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Urban Studies - Spring 2017

Sociological Perspectives in Education

4 credits
Yontz, Brian
An examination of the foundations of education and teaching as conceived through a sociological perspective. The course develops theoretical and practical perspectives by considering different models for studying and analyzing social problems and by considering cases and disputes emerging from the daily practice of teaching.

More specifically, the course considers the social and institutional roles of parents, teachers, administrators, and other stakeholders in public education. Issues of class, ethnicity, and gender will be examined as they afford legal and organizational power within the institutional structure. How institutions and individuals are responsive or resistant to change is examined as well as the pressing economic and social contexts, which make change imperative. Reading in the course will revolve around specific sociological studies relating to the profession of teaching and to such social issues as school violence, social mobility, and equal opportunity. The course will have a field experience and clinical component in which students will be matched with teachers and students at a Springfield City School. Through these experiences, students will have the opportunity to gather data and write brief case studies regarding specific social practices and responses.

Field experience of approximately 10 hours is required in grades 6 - 8. Students seeking licensure through the teacher education program are required to take either this course or Educ 104. Fulfills the General Education requirement for Social Institutions, Processes, and Behavior. No prerequisites. Every year.

HIST 130H 1W
African American History

4 Credits
Rosenberg, Scott
Prerequisite: None.
This course will investigate African-American history by focusing on slavery and the struggle for equality after emancipation. The first part of the course will examine the institution of slavery, however, greater emphasis will be placed on the lives that slaves made for themselves. We will ask questions such as “how much control did slaves have over their own lives,” and “how did they resist servitude?” The second half of the course will dedicate itself to the study of the struggle for equality. This class will move beyond the political struggle and will explore the role that culture and an emerging and evolving identity played in shaping the quest for equality. Assessment will focus on the student’s ability to express ideas in take-home essay exams, papers, and oral presentation. Grading will be based on discussions of a variety of readings, 3-4 papers and a take-home midterm and final.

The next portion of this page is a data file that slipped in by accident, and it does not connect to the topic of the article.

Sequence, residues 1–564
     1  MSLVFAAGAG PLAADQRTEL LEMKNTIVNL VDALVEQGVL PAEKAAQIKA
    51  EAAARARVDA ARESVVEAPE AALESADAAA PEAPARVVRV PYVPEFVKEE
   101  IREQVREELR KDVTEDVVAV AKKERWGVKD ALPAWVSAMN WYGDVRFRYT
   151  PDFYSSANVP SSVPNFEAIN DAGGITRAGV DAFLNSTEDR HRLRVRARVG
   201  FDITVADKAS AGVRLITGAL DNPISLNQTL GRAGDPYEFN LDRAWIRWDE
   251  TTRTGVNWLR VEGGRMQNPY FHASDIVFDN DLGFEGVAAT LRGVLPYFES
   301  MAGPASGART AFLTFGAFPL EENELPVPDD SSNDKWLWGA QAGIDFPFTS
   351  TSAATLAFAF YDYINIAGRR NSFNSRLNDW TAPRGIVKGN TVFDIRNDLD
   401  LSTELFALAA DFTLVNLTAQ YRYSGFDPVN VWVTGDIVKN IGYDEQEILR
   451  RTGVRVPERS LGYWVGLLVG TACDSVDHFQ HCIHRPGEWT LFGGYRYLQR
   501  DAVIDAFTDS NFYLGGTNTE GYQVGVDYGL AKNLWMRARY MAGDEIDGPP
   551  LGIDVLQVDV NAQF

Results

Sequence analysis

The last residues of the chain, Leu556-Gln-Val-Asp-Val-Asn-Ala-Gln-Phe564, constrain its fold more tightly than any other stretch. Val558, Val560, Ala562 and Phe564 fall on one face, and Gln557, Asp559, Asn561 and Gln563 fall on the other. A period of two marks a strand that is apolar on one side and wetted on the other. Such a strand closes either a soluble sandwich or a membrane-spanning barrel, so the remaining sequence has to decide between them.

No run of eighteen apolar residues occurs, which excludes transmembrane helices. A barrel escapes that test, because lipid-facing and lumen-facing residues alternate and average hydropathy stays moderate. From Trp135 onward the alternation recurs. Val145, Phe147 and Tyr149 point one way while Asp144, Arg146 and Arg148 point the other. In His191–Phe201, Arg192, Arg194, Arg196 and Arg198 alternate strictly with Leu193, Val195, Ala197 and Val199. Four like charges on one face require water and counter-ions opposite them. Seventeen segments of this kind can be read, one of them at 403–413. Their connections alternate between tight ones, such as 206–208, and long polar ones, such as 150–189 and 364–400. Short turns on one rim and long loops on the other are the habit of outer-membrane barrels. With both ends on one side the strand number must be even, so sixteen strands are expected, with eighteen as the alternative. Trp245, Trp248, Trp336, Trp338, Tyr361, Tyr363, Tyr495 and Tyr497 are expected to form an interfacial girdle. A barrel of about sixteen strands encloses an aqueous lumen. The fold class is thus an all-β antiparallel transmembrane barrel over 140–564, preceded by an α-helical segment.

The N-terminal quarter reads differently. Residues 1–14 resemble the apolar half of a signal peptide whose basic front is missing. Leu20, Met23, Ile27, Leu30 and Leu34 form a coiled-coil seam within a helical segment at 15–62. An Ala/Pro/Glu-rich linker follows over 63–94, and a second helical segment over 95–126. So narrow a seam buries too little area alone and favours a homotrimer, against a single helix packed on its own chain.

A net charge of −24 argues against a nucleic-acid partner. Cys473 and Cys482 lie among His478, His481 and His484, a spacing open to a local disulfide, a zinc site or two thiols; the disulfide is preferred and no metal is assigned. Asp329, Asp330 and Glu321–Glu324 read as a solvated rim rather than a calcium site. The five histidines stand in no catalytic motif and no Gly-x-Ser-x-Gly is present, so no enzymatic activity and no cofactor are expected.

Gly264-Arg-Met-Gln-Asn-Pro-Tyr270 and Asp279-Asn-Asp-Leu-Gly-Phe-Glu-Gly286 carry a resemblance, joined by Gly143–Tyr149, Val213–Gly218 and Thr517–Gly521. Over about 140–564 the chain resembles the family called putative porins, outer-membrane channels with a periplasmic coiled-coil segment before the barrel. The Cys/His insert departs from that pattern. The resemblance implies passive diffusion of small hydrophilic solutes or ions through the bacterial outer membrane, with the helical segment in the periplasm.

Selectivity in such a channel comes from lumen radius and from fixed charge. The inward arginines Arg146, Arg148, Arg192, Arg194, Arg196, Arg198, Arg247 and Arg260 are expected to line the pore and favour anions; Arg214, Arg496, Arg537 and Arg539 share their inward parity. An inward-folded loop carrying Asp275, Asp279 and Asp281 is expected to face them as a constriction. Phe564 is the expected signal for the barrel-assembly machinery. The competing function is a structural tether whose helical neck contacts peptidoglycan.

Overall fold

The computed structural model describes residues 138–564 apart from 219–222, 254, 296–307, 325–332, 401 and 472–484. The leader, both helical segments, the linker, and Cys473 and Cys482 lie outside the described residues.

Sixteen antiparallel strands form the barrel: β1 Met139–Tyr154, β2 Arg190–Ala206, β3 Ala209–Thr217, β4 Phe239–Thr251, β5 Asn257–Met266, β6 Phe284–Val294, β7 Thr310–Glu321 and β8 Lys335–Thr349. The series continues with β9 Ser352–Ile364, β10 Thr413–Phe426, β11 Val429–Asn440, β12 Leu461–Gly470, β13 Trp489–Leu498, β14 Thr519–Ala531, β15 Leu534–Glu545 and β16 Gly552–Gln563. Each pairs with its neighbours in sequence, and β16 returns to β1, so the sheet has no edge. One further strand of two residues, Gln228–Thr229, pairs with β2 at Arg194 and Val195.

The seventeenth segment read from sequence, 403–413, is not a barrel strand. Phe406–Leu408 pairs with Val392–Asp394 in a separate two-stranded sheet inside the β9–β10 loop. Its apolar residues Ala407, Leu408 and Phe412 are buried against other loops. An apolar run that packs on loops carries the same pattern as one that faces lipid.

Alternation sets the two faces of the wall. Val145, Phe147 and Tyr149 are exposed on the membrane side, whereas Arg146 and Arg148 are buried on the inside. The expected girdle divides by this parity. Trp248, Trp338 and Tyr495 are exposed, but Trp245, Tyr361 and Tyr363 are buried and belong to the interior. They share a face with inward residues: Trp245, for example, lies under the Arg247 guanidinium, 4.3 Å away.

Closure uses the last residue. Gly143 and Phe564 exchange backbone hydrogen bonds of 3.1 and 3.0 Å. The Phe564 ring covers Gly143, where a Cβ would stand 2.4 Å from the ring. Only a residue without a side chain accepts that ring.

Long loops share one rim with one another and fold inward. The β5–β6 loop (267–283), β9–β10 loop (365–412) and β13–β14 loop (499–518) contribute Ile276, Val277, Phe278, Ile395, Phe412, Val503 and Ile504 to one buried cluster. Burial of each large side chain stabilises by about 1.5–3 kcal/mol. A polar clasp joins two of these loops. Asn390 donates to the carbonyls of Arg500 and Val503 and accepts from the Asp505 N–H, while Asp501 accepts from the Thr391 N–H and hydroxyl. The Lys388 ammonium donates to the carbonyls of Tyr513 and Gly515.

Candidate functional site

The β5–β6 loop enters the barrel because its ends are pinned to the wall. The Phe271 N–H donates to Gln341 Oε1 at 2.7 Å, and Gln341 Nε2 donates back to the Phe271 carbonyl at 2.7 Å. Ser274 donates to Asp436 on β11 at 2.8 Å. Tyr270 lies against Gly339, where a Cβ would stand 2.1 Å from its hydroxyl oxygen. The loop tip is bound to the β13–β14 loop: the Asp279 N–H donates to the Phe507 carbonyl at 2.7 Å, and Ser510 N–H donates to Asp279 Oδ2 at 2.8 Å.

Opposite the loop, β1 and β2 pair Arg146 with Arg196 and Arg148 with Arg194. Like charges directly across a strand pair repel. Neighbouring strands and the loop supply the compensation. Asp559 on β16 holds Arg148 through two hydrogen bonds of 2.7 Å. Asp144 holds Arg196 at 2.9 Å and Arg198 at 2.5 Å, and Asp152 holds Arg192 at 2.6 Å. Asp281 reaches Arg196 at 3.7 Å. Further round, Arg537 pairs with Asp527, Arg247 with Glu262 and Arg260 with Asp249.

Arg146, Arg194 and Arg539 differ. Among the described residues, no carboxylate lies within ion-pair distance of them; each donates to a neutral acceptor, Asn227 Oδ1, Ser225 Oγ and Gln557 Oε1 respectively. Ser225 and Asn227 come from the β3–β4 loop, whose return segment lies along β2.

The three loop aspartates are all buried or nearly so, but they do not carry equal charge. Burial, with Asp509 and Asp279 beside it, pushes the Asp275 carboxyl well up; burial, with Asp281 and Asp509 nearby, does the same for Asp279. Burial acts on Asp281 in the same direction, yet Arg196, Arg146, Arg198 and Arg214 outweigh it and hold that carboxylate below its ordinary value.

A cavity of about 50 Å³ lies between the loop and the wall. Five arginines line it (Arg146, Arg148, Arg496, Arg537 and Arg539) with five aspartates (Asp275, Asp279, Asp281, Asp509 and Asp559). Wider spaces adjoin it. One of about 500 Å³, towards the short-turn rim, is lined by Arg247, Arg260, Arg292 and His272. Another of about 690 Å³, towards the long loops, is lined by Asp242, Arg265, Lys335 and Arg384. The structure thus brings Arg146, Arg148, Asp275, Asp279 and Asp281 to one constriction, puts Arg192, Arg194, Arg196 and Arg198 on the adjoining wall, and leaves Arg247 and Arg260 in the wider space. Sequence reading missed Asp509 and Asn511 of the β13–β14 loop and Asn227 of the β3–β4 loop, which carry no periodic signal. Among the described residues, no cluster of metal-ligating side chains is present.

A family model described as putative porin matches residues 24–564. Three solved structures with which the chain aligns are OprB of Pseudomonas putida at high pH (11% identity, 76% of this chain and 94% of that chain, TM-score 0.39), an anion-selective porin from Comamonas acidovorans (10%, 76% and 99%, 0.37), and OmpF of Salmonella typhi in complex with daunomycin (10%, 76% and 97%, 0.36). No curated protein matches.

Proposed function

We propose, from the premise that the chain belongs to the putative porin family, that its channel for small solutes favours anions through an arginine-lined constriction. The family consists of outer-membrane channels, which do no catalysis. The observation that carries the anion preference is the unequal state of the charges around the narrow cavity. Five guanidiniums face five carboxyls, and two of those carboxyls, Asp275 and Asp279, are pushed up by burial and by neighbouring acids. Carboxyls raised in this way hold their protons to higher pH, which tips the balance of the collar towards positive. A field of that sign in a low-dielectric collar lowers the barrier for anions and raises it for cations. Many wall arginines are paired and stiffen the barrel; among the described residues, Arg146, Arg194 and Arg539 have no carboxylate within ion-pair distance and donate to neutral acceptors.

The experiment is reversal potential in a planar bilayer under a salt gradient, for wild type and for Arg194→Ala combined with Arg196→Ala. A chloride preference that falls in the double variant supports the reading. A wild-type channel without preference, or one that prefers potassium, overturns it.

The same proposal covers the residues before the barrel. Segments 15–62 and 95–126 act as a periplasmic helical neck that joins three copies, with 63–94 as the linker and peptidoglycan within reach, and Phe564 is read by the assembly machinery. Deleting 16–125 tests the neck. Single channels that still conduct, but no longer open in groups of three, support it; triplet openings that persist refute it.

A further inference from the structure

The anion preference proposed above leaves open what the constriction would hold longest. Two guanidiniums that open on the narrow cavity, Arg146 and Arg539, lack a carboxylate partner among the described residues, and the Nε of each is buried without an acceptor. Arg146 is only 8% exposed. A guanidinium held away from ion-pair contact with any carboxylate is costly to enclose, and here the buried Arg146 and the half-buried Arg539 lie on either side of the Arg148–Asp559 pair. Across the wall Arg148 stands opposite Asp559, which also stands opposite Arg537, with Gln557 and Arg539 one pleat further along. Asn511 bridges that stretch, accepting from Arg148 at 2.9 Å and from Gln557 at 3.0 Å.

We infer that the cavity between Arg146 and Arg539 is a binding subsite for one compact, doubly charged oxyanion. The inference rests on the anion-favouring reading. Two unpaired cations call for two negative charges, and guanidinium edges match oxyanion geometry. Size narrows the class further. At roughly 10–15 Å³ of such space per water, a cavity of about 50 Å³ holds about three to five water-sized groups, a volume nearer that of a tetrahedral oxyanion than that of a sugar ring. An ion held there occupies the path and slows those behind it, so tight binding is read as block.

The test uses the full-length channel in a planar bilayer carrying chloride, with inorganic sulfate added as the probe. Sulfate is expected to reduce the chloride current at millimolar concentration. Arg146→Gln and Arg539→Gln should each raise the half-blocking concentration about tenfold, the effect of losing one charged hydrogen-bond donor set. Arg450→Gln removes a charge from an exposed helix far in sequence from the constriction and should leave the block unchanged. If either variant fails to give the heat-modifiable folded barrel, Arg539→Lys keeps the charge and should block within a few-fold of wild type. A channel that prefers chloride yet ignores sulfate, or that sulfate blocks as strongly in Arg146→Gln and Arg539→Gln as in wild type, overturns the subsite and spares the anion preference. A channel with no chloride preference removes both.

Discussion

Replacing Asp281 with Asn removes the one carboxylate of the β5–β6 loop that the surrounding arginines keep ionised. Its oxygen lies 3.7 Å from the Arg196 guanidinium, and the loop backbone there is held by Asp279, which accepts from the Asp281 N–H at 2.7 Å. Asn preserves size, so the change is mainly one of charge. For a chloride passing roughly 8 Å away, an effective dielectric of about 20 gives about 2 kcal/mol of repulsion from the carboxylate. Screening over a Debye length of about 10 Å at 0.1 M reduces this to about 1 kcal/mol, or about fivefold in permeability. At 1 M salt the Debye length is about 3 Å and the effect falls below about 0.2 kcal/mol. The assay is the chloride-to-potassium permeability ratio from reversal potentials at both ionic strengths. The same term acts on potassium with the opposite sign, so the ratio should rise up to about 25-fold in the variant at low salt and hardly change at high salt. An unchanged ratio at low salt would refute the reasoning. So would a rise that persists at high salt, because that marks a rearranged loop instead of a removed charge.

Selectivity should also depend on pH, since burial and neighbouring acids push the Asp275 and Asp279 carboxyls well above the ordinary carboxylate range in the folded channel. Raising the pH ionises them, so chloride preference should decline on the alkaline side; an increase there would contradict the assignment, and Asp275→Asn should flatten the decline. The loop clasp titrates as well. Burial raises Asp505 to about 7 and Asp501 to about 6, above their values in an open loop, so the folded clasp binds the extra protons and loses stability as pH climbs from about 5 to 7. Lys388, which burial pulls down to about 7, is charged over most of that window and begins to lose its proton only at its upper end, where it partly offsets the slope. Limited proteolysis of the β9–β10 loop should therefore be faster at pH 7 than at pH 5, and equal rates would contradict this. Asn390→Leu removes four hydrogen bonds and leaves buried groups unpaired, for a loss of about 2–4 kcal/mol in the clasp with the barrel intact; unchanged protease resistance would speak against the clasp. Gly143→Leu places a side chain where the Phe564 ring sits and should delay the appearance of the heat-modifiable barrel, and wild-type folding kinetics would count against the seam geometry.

POLI 221S 01
State and Local Government

4 credits
Baker, Rob
The course focuses on important contemporary problems and trends affecting state and local politics, and the role of states and localities in the federal system. Using a comparative approach, attention is given to general intergovernmental, social, economic, and cultural influences that shape state and local politics in America. Additionally, a mock state legislature is conducted providing the student with a "hands-on" experience in one of the key political processes of state government. 10/16

POLI 234S 01
Black Politics

4 credits
Young, John
This course will introduce students to the nature of black politics and black political behavior.  The course will inquire into the political dimensions of black life in America and how Black Americans have interpreted and responded to the democratic experiment. Considerable attention will be given to how individuals, institutions, and protest movements have shaped black political consciousness and black political participation. Finally, the course will examine the relative impact of black protest politics versus black electoral politics in addressing black political demands. Evaluation will be based on three exams, several quizzes, class participation, and short, one page writing assignments. 10/16

SOCI 301 01
Women and Poverty
4 Credits
Rowell, Kathy
Prerequisite: None

This course will use the sociological approach to explore and analyze the feminization and racialization of poverty in the United States and the world. Specific attention will be given to understanding both the structural forces that continue to cause and exacerbate poverty and to the individual lived experiences of women in children living in poverty. The importance of public sociology as well as social activism will be explored as tools to reducing and solving poverty.


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